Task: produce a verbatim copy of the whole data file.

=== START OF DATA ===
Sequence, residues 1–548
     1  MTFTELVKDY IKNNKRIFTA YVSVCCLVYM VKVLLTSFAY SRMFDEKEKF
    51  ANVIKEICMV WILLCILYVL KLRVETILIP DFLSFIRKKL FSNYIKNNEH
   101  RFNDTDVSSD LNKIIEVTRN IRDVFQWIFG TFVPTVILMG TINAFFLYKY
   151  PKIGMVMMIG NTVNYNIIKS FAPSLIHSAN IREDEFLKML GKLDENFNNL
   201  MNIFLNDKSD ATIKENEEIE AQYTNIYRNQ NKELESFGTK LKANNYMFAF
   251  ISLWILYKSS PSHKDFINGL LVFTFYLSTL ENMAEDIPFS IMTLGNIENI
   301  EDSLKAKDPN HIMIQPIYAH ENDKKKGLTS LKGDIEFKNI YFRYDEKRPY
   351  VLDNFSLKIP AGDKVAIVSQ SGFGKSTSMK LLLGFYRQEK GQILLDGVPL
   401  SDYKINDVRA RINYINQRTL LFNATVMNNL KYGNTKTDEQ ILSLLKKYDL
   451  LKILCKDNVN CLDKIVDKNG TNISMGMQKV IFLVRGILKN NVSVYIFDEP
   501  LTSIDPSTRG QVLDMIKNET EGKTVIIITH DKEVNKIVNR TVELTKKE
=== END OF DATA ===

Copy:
Sequence, residues 1–548
     1  MTFTELVKDY IKNNKRIFTA YVSVCCLVYM VKVLLTSFAY SRMFDEKEKF
    51  ANVIKEICMV WILLCILYVL KLRVETILIP DFLSFIRKKL FSNYIKNNEH
   101  RFNDTDVSSD LNKIIEVTRN IRDVFQWIFG TFVPTVILMG TINAFFLYKY
   151  PKIGMVMMIG NTVNYNIIKS FAPSLIHSAN IREDEFLKML GKLDENFNNL
   201  MNIFLNDKSD ATIKENEEIE AQYTNIYRNQ NKELESFGTK LKANNYMFAF
   251  ISLWILYKSS PSHKDFINGL LVFTFYLSTL ENMAEDIPFS IMTLGNIENI
   301  EDSLKAKDPN HIMIQPIYAH ENDKKKGLTS LKGDIEFKNI YFRYDEKRPY
   351  VLDNFSLKIP AGDKVAIVSQ SGFGKSTSMK LLLGFYRQEK GQILLDGVPL
   401  SDYKINDVRA RINYINQRTL LFNATVMNNL KYGNTKTDEQ ILSLLKKYDL
   451  LKILCKDNVN CLDKIVDKNG TNISMGMQKV IFLVRGILKN NVSVYIFDEP
   501  LTSIDPSTRG QVLDMIKNET EGKTVIIITH DKEVNKIVNR TVELTKKE